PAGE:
Arch May File for Bankruptcy in `Near Term' as Debt Mounts

  • Coal miner needs `significant restructuring': Chief Executive
  • Company is terminating its $250 million revolver as of Nov. 11

Arch Coal Inc. said it may file for bankruptcy in the “near term” as the company’s cash flow can’t sustain its $5.1 billion in debt.

The company is in talks with creditors over a "significant restructuring" of its balance sheet, St. Louis-based Arch said in a filing Monday with the U.S. Securities and Exchange Commission. The company may file for relief under Chapter 11 whether it strikes a deal with creditors or not.

Arch, the second-largest U.S. coal producer by volume, is running out of options after it terminated a debt-exchange offer last month that would have enabled it to cut its debt. Coal miners are reeling from the industry’s worst slump in decades as power plants use less of the fuel.

Arch’s cash flow “is not sufficient to service our debt sustainably in this operating environment,” Chief Executive Officer John Drexler said in an earnings statement earlier Monday. “Arch will require a significant restructuring of its balance sheet to continue to operate as a going concern over the long term.”

Arch posted a third-quarter net loss that widened to $93.91 a share from $4.58 a year earlier. Adjusting for one-time items, the loss was $3.38, beating the $5.70 average of 10 analysts’ estimates compiled by Bloomberg.

Impairment Charges

Arch reported a $2.1 billion asset impairment and mine closure charge in the quarter. The charges included $1.7 billion in Appalachia, where low prices and shrinking demand mean that some of Arch’s coal mines and reserves probably can’t be profitable, the company said.

The company, which last posted a quarterly profit in 2012, has $704.4 million of liquidity, which investors are watching during a downturn that’s put other U.S. coal producers, including Walter Energy Inc. and Alpha Natural Resources Inc., into bankruptcy protection this year. The thermal coal used by power plants is facing competition from cheap natural gas and tougher emissions standards while metallurgical coal used in steelmaking is at its lowest price in a decade amid global oversupply.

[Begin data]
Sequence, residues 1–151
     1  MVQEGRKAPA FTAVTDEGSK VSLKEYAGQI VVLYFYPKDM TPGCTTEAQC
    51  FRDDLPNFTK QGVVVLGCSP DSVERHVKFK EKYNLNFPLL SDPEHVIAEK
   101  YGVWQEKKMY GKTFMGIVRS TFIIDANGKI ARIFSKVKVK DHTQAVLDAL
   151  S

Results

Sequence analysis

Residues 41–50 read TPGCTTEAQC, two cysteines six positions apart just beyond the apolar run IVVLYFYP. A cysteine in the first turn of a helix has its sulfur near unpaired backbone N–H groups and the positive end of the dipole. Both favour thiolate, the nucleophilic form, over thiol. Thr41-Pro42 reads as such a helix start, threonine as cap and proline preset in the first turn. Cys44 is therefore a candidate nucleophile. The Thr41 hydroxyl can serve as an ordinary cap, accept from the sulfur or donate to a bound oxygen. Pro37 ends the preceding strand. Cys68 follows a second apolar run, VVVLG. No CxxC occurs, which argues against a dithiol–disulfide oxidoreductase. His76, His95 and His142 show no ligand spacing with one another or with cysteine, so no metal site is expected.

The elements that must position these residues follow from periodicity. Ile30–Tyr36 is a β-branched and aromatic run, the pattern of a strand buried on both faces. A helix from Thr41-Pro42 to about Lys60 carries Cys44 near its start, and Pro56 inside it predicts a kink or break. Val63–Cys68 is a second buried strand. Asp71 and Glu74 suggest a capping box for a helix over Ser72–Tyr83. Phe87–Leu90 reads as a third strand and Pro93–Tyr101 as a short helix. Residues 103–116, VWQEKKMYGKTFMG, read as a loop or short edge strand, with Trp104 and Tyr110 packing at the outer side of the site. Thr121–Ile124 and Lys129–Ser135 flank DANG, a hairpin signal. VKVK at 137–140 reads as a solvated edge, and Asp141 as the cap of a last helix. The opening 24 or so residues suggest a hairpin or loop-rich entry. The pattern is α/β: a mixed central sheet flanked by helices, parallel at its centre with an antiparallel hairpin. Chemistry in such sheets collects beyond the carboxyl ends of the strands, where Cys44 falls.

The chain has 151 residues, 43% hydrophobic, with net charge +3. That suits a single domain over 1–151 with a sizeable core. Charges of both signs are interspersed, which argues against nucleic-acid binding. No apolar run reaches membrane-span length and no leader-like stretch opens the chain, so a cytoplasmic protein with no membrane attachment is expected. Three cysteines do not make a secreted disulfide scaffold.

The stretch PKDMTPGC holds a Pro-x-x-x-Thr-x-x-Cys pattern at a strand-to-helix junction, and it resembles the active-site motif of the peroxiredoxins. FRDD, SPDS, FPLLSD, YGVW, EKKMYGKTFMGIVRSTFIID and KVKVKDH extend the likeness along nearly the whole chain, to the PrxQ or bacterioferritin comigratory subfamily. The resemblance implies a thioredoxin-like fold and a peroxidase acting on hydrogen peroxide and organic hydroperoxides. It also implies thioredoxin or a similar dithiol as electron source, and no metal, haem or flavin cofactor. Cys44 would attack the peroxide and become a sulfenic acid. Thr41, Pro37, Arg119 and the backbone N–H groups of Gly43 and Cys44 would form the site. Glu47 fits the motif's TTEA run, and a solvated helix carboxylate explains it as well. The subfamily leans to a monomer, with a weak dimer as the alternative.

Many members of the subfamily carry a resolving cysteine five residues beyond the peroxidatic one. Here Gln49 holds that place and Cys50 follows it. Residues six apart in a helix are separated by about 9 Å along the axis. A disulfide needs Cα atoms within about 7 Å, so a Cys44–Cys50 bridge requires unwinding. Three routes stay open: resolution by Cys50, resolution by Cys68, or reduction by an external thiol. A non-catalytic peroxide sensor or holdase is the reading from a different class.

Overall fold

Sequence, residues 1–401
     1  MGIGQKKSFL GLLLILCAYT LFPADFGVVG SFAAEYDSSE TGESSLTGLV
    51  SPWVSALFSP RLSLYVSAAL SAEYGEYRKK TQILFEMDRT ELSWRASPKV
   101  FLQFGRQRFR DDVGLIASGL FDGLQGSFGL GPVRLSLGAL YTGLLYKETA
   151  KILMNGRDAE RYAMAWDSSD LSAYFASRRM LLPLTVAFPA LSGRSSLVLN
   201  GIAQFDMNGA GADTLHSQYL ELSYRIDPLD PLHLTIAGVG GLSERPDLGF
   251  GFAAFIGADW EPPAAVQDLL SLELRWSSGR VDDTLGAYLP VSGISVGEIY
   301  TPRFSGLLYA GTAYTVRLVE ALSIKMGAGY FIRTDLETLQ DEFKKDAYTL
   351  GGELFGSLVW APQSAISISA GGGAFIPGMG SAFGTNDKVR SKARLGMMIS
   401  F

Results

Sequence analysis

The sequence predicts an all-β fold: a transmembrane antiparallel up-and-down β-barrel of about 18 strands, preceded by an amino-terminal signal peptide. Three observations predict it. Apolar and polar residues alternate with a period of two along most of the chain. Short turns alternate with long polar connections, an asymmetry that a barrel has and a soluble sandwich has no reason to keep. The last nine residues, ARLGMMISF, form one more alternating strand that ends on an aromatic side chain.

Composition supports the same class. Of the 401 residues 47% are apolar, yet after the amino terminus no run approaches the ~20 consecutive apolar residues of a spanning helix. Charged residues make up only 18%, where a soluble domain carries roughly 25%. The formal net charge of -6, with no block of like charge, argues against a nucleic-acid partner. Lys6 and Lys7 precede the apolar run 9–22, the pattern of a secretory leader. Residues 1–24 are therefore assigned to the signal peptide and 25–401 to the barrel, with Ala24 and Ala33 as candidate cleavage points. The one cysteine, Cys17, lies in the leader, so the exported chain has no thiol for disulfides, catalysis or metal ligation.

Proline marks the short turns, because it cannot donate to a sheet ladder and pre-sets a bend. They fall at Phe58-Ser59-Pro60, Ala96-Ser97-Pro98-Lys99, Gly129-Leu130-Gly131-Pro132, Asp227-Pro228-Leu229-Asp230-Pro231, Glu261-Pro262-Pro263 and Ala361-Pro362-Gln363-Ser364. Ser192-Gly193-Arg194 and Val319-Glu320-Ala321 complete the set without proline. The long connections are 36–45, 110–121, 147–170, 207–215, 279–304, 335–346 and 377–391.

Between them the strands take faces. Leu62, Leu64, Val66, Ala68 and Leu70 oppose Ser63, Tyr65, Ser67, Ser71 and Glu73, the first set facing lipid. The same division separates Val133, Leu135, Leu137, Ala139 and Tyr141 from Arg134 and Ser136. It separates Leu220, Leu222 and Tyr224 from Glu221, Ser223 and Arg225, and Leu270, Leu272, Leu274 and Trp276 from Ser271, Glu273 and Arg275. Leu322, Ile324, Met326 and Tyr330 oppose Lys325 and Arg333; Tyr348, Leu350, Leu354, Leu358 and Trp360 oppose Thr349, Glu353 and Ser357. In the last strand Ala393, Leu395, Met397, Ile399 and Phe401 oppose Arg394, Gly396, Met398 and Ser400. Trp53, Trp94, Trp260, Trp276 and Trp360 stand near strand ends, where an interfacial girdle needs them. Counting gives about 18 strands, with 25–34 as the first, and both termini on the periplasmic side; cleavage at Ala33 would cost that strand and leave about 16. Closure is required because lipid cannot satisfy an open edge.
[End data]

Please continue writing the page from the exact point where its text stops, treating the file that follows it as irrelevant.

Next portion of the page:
Shares fell 6 percent to $1.56 in New York after dropping more than 90 percent in the past year. Arch executed a 1-for-10 reverse stock split in August to avoid being delisted from the New York Stock Exchange.

Pricing Pressure

Arch projected U.S. power plants will burn 95 million fewer tons of coal this year than in 2014. The oversupplied market for metallurgical coal probably won’t get any better until more production is shut down, the company said.

“We expect pricing for both metallurgical and thermal coal to remain under significant pressure throughout 2016," Paul Lang, Arch’s president and chief operating officer, said in the statement.

Revenue fell to $688.5 million in the third quarter from $742.2 million, which beat the $688.3 million average estimate. Arch is also terminating a $250 million credit facility as of Nov. 11 under which it has no borrowings, the company said. 

Arch may use more than $600 million of its cash to run its operations in 2015 and 2016, Jeremy Sussman, a New York-based analyst at Clarksons Platou Securities Inc., said in an October 14 note.

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